Les Echos (France)

Les Echos is the first daily French financial newspaper, founded in 1908 by the brothers Robert and Émile Servan-Schreiber. It is the main competitor of a rival financial paper; the paper was established as a monthly publication under the name of Les Échos de l'Exportation by the brothers Robert and Émile Servan-Schreiber in 1908. It was renamed as Les Echos; the newspaper was bought by the British media group Pearson PLC in 1988, was sold to the French luxury goods conglomerate LVMH in November 2007. The publisher of the paper is Les Echos Le Parisien Médias. Les Echos is published on weekdays; the paper is headquartered in Paris and has a website, launched in 1996. The paper publishes economical analyses by leading economists, including Joseph Stiglitz and Kenneth Rogoff. In September 2003, Les Echos switched from tabloid format to Berliner format. In 2004, the newspaper won the EPICA award. In 2010, the coverage of Les Echos was expanded to cover such topics as innovations in science, green growth and health and skills concerning marketing and advertising, education and leadership, law and finance.

The former separate sections of IT and communications were merged under the section of high tech and media. In 2013, the newspaper started a project called a business news aggregation platform. In 2000 Les Echos was the sixth best-selling newspaper in France with a circulation of 728,000 copies; the 2009 circulation of the paper was 127,000 copies. From July 2011 to July 2012 the paper had a circulation of 120,546 copies. Official website

David Jefferies

Allan David Jefferies was an English professional motorcycle racer. He died after crashing during practice for the 2003 Isle of Man TT races; the son of Tony Jefferies a former Isle of Man TT winner in 1971, David Jefferies was born in Shipley, West Yorkshire, England. His uncle was fellow TT winner Nick Jefferies. Jefferies attended Salt Grammar School. Jefferies competed in a range of racing classes including the Grand Prix world championship in 1993, the World Superbike Championship in 1993 and 1995, he was the British Superstock 1000 champion twice in the previous three years. Jefferies specialized in street circuits, such as the Isle of Man TT and the North West 200, where he was a four-time winner. At the Isle of Man TT, Jefferies was the first rider to lap in excess of 125 miles per hour and the first to win three races during the week-long festival for three consecutive years, he set the absolute lap record for the Isle of Man TT course during the 2002 Senior TT at 17min 47sec, an average speed of 127.29 miles per hour.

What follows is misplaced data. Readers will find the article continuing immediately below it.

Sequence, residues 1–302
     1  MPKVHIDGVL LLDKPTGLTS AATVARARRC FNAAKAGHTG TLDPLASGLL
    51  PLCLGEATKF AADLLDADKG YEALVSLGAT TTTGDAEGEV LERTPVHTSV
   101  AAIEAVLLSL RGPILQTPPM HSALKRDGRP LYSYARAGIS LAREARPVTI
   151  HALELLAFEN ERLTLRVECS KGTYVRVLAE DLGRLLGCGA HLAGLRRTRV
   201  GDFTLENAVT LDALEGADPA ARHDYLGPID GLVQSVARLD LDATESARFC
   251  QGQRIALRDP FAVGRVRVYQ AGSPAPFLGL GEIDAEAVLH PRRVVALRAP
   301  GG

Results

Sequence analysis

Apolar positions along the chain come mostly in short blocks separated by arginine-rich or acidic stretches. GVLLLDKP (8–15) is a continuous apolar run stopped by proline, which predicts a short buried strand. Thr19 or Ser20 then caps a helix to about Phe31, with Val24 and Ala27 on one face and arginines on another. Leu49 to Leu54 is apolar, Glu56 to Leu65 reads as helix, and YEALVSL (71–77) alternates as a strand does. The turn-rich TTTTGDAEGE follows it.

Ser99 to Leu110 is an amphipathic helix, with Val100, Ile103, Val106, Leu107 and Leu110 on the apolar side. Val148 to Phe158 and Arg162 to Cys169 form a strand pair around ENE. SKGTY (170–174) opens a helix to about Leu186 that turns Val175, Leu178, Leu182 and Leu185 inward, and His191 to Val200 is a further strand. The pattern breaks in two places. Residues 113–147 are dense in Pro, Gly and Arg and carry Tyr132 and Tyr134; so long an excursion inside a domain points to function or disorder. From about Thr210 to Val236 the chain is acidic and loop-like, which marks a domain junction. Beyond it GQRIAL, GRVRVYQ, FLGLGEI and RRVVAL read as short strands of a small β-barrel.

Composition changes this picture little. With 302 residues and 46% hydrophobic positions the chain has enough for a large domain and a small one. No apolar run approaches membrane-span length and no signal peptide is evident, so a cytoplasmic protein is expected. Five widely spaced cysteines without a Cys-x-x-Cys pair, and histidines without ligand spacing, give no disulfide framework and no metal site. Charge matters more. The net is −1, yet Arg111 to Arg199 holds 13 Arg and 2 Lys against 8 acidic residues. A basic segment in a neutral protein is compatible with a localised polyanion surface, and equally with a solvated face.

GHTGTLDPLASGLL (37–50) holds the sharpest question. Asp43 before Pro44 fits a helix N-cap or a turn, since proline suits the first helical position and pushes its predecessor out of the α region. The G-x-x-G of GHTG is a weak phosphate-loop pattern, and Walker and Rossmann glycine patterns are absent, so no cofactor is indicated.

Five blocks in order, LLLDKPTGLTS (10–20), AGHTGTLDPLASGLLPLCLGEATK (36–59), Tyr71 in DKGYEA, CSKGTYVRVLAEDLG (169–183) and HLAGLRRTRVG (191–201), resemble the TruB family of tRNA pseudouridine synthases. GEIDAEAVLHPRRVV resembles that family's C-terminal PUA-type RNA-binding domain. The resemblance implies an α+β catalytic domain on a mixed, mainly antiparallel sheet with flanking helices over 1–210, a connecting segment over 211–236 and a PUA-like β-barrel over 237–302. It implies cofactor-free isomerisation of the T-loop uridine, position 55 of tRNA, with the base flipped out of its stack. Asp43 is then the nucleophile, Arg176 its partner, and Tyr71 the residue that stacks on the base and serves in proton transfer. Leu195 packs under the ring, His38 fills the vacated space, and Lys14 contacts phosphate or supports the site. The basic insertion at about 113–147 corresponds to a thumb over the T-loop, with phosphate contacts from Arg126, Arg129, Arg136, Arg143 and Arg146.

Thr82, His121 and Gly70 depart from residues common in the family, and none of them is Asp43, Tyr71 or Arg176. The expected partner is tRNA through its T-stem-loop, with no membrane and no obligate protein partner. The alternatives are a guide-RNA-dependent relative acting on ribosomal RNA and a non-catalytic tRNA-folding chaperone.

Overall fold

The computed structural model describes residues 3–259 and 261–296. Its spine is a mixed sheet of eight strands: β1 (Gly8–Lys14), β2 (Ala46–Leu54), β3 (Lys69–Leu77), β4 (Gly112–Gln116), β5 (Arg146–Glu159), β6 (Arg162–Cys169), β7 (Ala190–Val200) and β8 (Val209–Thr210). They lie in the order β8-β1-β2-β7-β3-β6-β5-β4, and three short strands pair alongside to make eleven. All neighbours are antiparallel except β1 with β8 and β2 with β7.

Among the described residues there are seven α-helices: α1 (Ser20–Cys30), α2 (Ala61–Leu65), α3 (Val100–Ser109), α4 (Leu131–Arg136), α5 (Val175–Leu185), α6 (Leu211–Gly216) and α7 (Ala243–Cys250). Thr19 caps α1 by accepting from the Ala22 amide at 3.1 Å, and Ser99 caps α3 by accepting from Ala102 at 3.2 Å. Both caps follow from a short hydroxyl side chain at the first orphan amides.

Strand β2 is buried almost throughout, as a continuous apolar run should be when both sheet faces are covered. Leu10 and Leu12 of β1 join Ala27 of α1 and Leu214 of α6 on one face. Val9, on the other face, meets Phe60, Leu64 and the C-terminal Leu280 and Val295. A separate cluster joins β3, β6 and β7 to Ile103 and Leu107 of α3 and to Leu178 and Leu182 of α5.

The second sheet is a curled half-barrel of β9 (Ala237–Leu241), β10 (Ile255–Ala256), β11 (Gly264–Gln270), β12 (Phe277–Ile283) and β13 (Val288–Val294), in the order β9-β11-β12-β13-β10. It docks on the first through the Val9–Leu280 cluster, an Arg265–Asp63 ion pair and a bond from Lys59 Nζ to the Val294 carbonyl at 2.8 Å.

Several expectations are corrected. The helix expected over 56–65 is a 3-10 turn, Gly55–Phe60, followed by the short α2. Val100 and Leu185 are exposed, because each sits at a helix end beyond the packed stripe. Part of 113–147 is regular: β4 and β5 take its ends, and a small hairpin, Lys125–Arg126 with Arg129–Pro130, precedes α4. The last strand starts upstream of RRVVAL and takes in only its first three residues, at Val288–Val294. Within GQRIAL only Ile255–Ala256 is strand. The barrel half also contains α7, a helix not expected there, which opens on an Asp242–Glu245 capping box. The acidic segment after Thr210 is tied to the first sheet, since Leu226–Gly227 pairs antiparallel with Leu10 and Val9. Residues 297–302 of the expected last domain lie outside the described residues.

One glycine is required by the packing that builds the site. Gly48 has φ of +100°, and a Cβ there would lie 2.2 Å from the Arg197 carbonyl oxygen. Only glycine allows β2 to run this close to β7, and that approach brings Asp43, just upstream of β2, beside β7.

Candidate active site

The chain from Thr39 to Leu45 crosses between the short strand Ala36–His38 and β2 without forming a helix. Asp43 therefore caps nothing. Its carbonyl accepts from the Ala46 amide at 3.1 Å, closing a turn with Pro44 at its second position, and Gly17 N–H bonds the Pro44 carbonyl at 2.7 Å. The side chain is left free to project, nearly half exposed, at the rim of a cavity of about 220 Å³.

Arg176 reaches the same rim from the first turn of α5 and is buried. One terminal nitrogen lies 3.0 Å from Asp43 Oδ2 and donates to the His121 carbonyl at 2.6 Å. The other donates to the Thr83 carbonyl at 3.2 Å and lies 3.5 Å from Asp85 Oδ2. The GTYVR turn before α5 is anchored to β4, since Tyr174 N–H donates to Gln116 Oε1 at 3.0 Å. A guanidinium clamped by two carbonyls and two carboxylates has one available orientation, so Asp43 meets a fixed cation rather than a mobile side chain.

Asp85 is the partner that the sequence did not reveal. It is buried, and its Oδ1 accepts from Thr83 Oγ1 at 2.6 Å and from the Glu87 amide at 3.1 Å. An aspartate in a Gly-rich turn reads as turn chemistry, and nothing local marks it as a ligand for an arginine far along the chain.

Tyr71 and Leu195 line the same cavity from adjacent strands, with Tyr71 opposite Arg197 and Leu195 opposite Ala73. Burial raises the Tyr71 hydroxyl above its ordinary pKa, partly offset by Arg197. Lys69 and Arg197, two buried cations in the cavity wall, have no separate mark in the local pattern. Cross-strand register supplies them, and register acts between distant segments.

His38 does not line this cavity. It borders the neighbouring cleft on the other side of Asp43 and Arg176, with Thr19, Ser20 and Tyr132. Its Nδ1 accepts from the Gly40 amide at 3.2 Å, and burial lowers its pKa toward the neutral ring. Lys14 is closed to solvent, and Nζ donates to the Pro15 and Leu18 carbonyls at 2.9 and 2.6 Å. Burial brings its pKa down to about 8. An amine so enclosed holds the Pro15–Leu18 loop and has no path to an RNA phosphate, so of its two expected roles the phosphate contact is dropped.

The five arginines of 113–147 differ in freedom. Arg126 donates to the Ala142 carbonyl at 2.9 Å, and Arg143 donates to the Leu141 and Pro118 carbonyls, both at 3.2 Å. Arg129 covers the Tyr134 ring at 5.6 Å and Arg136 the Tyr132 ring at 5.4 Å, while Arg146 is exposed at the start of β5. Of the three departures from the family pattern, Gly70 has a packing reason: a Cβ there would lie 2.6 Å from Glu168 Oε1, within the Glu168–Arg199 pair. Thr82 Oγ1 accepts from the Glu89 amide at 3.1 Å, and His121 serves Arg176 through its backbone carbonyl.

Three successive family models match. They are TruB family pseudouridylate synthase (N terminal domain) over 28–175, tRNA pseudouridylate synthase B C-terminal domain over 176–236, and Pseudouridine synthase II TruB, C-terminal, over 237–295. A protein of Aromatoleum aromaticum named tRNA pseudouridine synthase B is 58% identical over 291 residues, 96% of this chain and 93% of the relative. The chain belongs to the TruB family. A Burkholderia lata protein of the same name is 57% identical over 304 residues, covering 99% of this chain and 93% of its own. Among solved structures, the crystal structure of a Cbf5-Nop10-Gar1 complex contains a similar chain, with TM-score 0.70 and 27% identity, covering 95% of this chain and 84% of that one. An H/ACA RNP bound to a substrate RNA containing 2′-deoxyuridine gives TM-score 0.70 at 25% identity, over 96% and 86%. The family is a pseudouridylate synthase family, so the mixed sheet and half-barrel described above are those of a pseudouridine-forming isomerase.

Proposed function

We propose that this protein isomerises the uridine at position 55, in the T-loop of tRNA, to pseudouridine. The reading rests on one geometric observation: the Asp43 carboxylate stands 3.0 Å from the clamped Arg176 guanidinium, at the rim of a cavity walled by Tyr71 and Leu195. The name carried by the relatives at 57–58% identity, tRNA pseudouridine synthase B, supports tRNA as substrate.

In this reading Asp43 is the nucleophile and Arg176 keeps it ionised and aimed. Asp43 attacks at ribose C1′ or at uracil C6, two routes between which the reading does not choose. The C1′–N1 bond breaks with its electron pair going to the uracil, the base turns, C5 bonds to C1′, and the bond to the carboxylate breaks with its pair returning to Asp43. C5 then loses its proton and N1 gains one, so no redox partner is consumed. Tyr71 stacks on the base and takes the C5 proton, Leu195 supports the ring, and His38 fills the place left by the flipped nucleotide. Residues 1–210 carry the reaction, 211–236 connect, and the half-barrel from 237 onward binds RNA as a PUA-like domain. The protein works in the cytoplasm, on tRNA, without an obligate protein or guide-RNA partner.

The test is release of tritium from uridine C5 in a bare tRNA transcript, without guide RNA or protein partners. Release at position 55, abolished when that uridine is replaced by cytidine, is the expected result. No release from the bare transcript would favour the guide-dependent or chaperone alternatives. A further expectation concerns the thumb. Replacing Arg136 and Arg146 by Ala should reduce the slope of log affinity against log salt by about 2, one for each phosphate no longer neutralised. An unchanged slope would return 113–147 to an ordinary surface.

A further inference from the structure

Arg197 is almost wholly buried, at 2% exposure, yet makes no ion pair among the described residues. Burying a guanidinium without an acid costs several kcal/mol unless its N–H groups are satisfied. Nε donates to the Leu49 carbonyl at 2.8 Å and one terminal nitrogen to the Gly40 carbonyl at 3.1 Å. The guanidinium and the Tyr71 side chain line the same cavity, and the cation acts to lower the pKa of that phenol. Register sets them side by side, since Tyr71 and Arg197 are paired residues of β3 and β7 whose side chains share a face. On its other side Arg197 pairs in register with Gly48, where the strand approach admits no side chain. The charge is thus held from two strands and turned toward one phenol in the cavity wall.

Jefferies died on Thursday, May 29, 2003, during practice week for the 2003 Isle of Man TT. The turn at Crosby is a shallow left-hand turn taken at speeds of around 160 mph. Jefferies approached the turn following a lap of 125 mph average speed. Jefferies hit the wall of number 29 Woodlea Villas bordering the turn before he and his machine were hurled back across the circuit, taking lumps of debris across the road and bringing down a telephone pole in the process. Jefferies was killed upon impact with the wall. In the aftermath of the crash, fellow rider Jim Moodie did not have enough time to brake when he reached the scene and rode into the telegraph lines which were hanging across the road due to the incident. A friend and fellow TT competitor, John McGuinness, the first rider to reach the scene, described it as looking'Like a war zone'; that day, the TT organisers released an official statement which read:'It is with regret that the organizers of the Isle of Man TT races, the Auto-Cycle Union, announce that David Jefferies, of Baildon in West Yorkshire, who crashed on the second lap of this afternoon's practice session, received injuries, which proved fatal.

Thirty-year-old Jefferies was involved in an accident at Crosby. The red flag was displayed at the Grandstand and all riders finishing their first lap were brought back into the paddock; those who had embarked on their second lap were Halted at Glen Vine. Jefferies was the outright lap record holder at the TT and had lapped at 125 mph on his first lap today riding his Temple Auto Salvage GSX-R Suzuki; the organisers have instituted an immediate inquiry into the details of the incident.' The inquiry would become an controversial affair. The parade lap in honour of Jefferies took place at the end of the TT weekend. Thousands of bikes took part. Points system from 1993 onwards: Official site David Jefferies Tribute